Study: Early coronavirus cases in SoCal linked to New York

HOBOKEN, NJ - OCTOBER 5: People walk through the park on Pier A as the sun sets on lower Manhattan and One World Trade Center in New York City on October 5, 2020 in Hoboken, New Jersey. (Photo by Gary Hershorn/Getty Images)

Most COVID-19 patients in Southern California during the early months of the pandemic appear to have been infected by a variant from New York state via Europe, not directly from China.

The findings were based on a genetic analysis of the virus found in tissue samples taken from 192 patients diagnosed with COVID-19, according to a study released Wednesday by Cedars-Sinai Medical Center.

Investigators said they believed their study was the first published genetic characterization of SARS-CoV-2 in the Los Angeles population using an advanced technique known as next-generation sequencing, which analyzes all the genes, or genome, of a virus or other organism. The study was published in the journal JAMA Network Open.

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"Based on these findings, we concluded SARS-CoV-2 was likely introduced into the Los Angeles community predominantly from New York state but also through multiple other independent transmission routes that included Washington state and China,'"said Dr. Eric Vail, assistant professor and director of molecular pathology in the department of pathology and laboratory medicine at Cedars-Sinai. He was co-senior author of the study.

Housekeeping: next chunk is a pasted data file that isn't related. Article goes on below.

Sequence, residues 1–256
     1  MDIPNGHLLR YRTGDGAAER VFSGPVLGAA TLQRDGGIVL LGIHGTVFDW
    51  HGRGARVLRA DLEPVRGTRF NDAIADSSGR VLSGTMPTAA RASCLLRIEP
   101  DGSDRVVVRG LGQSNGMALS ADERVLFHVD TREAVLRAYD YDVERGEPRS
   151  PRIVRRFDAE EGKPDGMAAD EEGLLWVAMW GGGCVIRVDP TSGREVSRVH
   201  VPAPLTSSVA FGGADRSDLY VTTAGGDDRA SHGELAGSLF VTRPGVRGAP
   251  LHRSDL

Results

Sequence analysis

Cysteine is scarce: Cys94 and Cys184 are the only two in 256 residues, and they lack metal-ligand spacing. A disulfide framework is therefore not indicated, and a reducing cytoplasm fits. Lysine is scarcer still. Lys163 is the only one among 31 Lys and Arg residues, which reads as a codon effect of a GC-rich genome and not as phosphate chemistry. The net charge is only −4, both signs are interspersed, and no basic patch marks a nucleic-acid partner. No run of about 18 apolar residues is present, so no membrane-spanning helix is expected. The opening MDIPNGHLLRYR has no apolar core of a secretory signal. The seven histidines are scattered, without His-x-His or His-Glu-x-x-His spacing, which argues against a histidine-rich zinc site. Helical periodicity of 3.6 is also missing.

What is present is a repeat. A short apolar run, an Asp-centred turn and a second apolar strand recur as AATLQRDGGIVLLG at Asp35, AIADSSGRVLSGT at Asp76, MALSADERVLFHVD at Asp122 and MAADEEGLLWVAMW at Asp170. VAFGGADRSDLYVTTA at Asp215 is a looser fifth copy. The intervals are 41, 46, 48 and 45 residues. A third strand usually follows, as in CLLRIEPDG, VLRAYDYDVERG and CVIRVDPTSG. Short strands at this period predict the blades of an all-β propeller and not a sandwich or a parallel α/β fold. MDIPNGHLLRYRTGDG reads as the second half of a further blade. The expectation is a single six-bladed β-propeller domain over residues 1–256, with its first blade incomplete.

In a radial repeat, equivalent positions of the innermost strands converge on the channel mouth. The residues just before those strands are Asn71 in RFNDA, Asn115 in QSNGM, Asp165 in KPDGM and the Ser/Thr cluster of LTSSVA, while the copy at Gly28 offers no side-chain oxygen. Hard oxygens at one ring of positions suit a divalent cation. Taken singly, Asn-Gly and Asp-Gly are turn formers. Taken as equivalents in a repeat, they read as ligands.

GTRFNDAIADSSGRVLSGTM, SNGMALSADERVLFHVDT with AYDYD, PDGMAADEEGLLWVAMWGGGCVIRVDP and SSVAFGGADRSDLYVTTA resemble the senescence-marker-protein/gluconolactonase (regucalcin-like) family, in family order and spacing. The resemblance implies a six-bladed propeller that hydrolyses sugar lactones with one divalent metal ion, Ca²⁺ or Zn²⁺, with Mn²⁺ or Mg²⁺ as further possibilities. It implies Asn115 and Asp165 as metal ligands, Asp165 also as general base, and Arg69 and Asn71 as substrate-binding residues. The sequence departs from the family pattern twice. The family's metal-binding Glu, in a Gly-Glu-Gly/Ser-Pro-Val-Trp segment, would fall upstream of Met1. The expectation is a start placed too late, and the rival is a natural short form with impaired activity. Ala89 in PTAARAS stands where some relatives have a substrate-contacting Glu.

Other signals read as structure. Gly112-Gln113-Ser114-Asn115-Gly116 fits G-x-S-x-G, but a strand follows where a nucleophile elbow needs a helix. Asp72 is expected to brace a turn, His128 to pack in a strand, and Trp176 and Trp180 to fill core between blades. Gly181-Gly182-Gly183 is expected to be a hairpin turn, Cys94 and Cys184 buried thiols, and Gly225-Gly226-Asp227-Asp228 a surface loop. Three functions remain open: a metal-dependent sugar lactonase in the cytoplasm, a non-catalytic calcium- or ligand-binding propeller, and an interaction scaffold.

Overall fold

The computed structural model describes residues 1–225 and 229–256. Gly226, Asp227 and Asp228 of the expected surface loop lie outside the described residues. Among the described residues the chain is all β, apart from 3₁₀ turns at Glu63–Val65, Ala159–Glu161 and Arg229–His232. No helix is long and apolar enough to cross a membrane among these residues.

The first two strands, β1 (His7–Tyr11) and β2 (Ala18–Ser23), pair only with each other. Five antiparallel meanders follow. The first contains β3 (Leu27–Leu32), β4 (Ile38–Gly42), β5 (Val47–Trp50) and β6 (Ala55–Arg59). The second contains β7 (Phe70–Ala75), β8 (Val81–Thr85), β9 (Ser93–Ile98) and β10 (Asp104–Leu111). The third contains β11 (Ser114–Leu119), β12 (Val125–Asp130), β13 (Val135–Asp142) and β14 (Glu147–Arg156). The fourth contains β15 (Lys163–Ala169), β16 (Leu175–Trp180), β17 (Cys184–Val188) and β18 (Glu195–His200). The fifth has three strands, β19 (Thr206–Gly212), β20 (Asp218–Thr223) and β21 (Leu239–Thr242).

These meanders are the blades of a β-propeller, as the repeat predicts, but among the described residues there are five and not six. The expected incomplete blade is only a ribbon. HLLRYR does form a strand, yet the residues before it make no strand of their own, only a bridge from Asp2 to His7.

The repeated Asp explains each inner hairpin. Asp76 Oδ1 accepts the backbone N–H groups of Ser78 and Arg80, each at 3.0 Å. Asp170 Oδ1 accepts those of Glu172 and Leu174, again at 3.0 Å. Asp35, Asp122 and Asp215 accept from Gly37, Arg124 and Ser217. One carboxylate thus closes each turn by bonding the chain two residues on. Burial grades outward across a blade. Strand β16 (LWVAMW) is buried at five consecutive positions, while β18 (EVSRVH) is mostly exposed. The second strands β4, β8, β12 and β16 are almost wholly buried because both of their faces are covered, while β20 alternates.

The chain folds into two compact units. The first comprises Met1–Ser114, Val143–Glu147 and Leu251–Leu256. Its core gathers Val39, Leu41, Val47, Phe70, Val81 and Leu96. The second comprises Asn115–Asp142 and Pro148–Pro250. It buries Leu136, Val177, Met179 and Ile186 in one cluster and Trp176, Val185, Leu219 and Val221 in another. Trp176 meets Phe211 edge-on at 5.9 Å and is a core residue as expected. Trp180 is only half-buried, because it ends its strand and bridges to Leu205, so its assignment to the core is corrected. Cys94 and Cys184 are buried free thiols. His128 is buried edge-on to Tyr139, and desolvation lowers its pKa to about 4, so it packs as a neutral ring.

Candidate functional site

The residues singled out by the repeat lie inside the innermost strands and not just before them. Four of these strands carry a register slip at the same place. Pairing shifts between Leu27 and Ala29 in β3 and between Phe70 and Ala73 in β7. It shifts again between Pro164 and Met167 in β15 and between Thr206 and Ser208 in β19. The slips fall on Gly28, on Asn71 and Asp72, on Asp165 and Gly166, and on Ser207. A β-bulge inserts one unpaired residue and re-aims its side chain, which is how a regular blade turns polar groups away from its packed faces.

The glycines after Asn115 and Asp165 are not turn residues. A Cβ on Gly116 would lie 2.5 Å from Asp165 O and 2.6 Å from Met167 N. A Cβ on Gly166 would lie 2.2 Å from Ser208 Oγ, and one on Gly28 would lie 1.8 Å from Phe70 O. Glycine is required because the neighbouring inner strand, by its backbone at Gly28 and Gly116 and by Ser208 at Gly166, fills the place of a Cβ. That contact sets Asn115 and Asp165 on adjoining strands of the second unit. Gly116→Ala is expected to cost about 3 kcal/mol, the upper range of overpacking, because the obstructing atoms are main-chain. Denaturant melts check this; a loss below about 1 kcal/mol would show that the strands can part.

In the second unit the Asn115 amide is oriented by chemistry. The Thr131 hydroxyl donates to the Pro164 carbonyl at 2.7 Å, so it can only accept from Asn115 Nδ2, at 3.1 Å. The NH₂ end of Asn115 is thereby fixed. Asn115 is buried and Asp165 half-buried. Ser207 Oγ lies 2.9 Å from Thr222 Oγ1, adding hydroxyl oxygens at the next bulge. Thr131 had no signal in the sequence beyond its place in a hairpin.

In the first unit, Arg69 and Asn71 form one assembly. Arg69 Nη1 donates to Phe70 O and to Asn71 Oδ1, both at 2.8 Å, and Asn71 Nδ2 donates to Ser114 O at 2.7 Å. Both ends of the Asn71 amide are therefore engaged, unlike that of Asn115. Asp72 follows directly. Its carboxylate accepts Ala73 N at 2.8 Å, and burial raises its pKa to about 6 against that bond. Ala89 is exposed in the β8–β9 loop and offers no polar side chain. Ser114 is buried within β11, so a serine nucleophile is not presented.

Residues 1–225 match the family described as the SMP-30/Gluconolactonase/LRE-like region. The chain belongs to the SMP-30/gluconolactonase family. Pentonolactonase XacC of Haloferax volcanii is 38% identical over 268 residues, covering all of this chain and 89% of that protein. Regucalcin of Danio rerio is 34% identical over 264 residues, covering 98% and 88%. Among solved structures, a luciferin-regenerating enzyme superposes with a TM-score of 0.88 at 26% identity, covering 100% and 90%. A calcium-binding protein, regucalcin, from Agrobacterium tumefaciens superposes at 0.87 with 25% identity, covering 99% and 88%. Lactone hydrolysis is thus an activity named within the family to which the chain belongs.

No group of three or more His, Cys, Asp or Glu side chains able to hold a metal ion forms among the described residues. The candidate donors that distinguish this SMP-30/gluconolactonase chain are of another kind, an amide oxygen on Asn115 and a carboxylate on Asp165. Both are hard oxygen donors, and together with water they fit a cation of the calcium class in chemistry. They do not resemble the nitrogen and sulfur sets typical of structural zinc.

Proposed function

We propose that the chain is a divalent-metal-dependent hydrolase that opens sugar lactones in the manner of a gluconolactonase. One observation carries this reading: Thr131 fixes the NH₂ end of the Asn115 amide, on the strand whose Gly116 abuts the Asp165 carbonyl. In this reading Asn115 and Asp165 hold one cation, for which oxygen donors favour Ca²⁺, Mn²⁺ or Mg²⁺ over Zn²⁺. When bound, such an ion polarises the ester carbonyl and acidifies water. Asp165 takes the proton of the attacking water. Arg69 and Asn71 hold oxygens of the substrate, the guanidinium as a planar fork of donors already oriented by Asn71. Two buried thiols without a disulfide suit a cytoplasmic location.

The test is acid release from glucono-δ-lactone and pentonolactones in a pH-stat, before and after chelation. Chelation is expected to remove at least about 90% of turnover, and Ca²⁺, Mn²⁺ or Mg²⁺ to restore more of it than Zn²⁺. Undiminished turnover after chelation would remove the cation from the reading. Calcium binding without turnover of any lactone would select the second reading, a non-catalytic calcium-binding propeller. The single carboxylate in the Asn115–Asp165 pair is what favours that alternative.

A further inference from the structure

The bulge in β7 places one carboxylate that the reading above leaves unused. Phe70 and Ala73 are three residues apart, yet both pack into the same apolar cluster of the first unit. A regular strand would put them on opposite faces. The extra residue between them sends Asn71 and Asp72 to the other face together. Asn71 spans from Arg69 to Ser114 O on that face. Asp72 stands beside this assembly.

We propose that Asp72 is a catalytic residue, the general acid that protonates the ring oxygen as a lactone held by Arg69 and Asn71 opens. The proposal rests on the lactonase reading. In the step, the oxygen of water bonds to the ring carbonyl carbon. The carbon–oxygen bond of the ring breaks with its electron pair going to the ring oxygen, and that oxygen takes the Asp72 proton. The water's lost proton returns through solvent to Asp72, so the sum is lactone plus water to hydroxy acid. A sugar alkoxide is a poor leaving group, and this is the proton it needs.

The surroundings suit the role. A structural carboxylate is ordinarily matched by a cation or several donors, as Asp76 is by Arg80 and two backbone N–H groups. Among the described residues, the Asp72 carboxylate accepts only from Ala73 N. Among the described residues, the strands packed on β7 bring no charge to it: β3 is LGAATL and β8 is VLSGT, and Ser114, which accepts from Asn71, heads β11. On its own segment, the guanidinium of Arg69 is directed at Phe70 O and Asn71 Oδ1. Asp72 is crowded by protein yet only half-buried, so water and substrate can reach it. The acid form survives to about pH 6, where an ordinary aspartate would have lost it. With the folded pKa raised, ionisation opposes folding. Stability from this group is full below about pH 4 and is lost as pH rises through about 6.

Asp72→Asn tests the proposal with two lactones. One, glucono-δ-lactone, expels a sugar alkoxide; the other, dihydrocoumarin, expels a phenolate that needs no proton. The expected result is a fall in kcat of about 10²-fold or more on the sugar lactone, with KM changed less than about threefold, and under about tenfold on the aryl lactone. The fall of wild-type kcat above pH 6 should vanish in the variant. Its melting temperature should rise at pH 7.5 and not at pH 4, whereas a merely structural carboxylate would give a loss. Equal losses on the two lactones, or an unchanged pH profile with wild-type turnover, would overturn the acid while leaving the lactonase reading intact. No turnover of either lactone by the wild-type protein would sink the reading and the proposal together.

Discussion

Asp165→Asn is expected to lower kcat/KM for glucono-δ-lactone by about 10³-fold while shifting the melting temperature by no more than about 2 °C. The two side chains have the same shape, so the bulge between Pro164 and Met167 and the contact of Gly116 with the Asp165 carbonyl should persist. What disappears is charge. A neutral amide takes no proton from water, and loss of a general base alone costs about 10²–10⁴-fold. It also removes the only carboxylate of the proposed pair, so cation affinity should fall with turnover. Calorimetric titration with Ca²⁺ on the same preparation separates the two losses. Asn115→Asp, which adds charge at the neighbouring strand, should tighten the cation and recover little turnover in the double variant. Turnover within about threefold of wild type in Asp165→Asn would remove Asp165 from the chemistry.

Specifically, investigators found that about 15% of the virus samples taken from the COVID-19 patients at Cedars-Sinai between March 22 and April 15 were genetically similar to published profiles of SARS-CoV-2 viruses from Asia, while 82% shared close similarities with variants originating in Europe.

"It was surprising to us that New York appeared to be the source of so much of the Los Angeles virus, especially since the first confirmed COVID-19 case in the U.S. involved a person who had returned to Washington state after visiting China,'' said Jasmine Plummer, research scientist at the Cedars-Sinai Center for Bioinformatics and Functional Genomics and associate director of the Applied Genomics, Computation & Translational Core. She was the other co-senior author of the study.

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